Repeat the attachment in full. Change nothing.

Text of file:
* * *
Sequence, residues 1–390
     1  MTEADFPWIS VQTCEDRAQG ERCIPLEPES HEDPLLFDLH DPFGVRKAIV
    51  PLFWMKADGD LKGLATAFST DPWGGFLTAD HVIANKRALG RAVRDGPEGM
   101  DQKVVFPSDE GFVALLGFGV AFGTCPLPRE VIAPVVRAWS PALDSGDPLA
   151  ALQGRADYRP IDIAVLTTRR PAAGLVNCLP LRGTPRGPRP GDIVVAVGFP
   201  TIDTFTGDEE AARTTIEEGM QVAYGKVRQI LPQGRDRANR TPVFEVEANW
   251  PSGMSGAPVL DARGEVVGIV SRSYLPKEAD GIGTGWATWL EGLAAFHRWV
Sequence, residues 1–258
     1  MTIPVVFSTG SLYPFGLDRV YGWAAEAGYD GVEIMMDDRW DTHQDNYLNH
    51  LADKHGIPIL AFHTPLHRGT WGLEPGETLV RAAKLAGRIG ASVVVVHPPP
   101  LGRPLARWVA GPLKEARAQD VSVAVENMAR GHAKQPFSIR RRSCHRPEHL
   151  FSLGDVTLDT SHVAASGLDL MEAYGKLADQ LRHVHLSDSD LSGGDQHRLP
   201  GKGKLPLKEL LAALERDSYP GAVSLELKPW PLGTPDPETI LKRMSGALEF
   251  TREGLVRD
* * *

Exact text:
Sequence, residues 1–390
     1  MTEADFPWIS VQTCEDRAQG ERCIPLEPES HEDPLLFDLH DPFGVRKAIV
    51  PLFWMKADGD LKGLATAFST DPWGGFLTAD HVIANKRALG RAVRDGPEGM
   101  DQKVVFPSDE GFVALLGFGV AFGTCPLPRE VIAPVVRAWS PALDSGDPLA
   151  ALQGRADYRP IDIAVLTTRR PAAGLVNCLP LRGTPRGPRP GDIVVAVGFP
   201  TIDTFTGDEE AARTTIEEGM QVAYGKVRQI LPQGRDRANR TPVFEVEANW
   251  PSGMSGAPVL DARGEVVGIV SRSYLPKEAD GIGTGWATWL EGLAAFHRWV
Sequence, residues 1–258
     1  MTIPVVFSTG SLYPFGLDRV YGWAAEAGYD GVEIMMDDRW DTHQDNYLNH
    51  LADKHGIPIL AFHTPLHRGT WGLEPGETLV RAAKLAGRIG ASVVVVHPPP
   101  LGRPLARWVA GPLKEARAQD VSVAVENMAR GHAKQPFSIR RRSCHRPEHL
   151  FSLGDVTLDT SHVAASGLDL MEAYGKLADQ LRHVHLSDSD LSGGDQHRLP
   201  GKGKLPLKEL LAALERDSYP GAVSLELKPW PLGTPDPETI LKRMSGALEF
   251  TREGLVRD